Frontotemporal disorders. Degenerative damage to the brain’s frontal and temporal lobes is the most common cause of dementia in people age 65 and younger. Symptoms might include apathy; difficulty communicating, walking or working; emotional changes; and impulsive or inappropriate behaviors.
Sources: AARP, National Institute on Aging, Mayo Clinic
A loved one showing symptoms of dementia needs to see a medical expert who can conduct tests and come up with a diagnosis. If a loved one has dementia, you’ll want to plan how you will manage that care, especially as the condition progresses.
But it’s also important to rule out other medical conditions with dementia-like symptoms that may disappear with treatment such as infections and side effects of medications.
Here are 7 common signs to watch for among all forms of dementia (not ranked in any particular order):
Difficulty with everyday tasks. Everyone makes mistakes, but people with dementia may find it increasingly difficult to do things like keep track of monthly bills or follow a recipe while cooking, the Alzheimer’s Association says. They also may find it hard to concentrate on tasks, take much longer to do them or have trouble finishing them.
Repetition. Asking a question, hearing the answer and then repeating the same question 15 minutes later, or telling the same story about a recent event multiple times, are causes for concern, internist and geriatric specialist Jason Karlawish, a professor of medicine at the University of Pennsylvania, noted in a 2018 article for AARP.
Communication problems. Observe if a loved one has trouble joining in conversations or following along with them, stops abruptly in the middle of a thought or struggles to think of words or the name of objects.
Getting lost. People with dementia may have difficulty with visual and spatial abilities. That can manifest itself in problems like getting lost while driving, according to the Mayo Clinic.
Personality changes. A loved one who begins acting unusually anxious, confused, fearful or suspicious; becomes upset easily; or loses interest in activities and seems depressed is cause for concern.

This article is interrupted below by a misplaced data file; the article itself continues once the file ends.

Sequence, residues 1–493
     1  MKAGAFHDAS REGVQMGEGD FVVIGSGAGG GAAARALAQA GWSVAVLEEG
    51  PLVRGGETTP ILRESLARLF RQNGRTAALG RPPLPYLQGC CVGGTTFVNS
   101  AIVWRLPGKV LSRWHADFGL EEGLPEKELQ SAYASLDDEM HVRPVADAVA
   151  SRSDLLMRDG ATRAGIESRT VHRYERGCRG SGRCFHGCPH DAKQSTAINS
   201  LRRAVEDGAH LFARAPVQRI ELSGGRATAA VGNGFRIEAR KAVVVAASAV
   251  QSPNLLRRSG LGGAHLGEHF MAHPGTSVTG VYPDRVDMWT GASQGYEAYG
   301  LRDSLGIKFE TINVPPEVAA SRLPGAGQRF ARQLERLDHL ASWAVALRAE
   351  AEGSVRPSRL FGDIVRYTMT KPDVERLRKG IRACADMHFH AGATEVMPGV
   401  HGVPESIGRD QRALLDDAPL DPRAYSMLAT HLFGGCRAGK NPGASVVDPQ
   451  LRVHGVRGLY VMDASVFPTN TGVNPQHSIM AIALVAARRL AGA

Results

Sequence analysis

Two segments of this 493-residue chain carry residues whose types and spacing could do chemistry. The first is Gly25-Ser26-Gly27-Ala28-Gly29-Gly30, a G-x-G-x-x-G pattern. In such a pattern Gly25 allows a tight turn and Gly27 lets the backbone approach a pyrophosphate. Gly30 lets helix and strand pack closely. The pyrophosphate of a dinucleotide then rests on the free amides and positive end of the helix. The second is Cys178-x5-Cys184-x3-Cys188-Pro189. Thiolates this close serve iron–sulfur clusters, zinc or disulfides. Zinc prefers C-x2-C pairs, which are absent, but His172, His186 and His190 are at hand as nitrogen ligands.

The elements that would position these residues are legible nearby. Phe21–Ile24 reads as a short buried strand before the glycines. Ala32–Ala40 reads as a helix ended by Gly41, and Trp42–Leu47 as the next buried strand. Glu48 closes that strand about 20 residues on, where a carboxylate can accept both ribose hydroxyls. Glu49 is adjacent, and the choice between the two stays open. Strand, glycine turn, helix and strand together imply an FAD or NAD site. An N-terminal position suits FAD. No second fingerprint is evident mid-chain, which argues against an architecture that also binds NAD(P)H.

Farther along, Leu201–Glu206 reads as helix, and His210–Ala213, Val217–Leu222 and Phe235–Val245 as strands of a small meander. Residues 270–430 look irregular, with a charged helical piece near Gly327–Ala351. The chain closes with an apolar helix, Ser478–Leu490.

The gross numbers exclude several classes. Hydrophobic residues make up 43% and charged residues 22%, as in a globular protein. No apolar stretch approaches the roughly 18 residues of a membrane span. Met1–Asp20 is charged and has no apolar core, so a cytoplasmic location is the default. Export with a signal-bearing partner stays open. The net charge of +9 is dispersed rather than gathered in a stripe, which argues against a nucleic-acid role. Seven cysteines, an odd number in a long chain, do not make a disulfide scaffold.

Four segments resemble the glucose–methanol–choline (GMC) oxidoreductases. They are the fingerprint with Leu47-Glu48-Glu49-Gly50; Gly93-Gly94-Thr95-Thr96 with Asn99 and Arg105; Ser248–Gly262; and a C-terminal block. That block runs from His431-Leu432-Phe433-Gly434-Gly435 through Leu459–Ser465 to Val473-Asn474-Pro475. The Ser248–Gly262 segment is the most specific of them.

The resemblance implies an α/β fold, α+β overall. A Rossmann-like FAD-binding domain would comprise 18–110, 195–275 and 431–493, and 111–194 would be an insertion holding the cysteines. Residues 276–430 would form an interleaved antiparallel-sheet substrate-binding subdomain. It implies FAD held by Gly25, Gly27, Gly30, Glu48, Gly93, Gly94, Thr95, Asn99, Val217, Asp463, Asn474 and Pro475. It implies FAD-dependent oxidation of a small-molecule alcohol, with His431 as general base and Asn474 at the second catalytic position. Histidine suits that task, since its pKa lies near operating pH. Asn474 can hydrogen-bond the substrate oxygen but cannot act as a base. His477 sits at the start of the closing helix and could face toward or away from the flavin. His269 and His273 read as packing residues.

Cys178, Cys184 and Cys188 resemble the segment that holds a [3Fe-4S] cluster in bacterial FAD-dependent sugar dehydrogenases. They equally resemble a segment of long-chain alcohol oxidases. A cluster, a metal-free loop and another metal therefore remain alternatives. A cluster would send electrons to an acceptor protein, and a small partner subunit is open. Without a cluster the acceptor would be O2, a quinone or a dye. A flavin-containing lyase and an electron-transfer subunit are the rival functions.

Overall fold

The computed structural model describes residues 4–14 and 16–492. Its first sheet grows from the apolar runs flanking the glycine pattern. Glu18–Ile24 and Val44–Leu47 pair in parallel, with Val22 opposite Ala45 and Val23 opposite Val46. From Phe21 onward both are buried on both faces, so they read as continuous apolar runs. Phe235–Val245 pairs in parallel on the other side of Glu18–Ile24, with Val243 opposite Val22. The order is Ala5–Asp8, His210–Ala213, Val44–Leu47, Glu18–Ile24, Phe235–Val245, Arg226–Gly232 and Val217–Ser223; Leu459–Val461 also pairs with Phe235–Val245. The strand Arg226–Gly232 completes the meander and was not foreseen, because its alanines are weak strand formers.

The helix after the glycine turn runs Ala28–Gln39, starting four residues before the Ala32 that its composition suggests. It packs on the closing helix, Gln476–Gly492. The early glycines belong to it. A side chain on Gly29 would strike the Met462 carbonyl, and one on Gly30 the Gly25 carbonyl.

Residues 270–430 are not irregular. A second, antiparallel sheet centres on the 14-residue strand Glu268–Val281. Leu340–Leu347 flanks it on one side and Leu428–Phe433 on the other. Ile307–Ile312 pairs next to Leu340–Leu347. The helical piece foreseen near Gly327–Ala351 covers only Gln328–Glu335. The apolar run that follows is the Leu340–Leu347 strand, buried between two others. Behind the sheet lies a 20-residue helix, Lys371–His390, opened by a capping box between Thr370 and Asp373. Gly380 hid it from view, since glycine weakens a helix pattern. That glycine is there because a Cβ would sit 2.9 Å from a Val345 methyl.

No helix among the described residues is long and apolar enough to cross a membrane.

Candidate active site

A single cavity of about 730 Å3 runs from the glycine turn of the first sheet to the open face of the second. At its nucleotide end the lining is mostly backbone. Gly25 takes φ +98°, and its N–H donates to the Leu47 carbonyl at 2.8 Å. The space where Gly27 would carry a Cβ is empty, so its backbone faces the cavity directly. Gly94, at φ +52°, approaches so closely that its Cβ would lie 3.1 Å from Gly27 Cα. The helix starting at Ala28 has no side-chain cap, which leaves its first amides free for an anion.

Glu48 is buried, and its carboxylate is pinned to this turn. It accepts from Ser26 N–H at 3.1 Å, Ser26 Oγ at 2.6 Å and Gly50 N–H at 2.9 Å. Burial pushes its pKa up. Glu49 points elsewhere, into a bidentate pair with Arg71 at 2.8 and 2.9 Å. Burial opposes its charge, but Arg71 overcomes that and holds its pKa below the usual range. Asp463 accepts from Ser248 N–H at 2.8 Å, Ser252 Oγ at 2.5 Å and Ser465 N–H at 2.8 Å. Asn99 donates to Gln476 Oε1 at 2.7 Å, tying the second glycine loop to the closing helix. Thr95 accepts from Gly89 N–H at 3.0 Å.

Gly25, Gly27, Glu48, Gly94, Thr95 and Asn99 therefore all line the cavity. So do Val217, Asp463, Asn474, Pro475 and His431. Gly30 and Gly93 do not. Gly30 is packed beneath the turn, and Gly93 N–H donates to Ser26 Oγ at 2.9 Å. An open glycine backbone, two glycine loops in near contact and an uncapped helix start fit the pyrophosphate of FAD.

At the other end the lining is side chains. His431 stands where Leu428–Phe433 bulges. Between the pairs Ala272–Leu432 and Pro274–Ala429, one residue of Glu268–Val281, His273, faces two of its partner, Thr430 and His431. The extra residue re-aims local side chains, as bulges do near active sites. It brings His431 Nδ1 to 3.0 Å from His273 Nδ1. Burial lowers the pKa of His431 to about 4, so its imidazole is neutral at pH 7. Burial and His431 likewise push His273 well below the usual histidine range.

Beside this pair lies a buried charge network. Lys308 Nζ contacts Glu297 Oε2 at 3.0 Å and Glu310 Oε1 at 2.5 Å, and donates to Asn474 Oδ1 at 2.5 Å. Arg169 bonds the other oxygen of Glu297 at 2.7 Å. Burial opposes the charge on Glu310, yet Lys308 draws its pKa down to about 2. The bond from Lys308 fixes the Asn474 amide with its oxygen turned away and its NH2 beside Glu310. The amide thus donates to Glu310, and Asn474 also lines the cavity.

Confusion about time and place. Loved ones who forget where they are or can’t remember how they got there should raise alarms. Another worrisome sign is a person becoming disoriented about time — for example, asking on a Friday whether it’s Monday or Tuesday, according to Karlawish.
Troubling behavior. If your family member seems to have increasingly poor judgment when handling money or neglects grooming and cleanliness, pay attention.
Some people who experience memory loss or have difficulty with attention, decision-making language or reasoning may have a condition known as mild cognitive impairment. The condition causes a noticeable decline, but the changes are less severe than with dementia and a person can still perform normal daily activities, according to the Cleveland Clinic. People with mild cognitive impairment are at an increased risk of developing dementia.
Finally, here are some ailments that can mimic dementia, but as mentioned, if dementia is suspected, be sure to get two or more diagnoses from qualified medical professionals.
Any number of treatable conditions can cause dementia-like symptoms. Some of the most common:
• Alcohol abuse
• Anxiety, depression or stress
• Blood clots, brain infections or tumors
• Head injuries
• Kidney, liver or thyroid problems
• Side effects of medication
• Vitamin deficiencies
Source: National Institute on Aging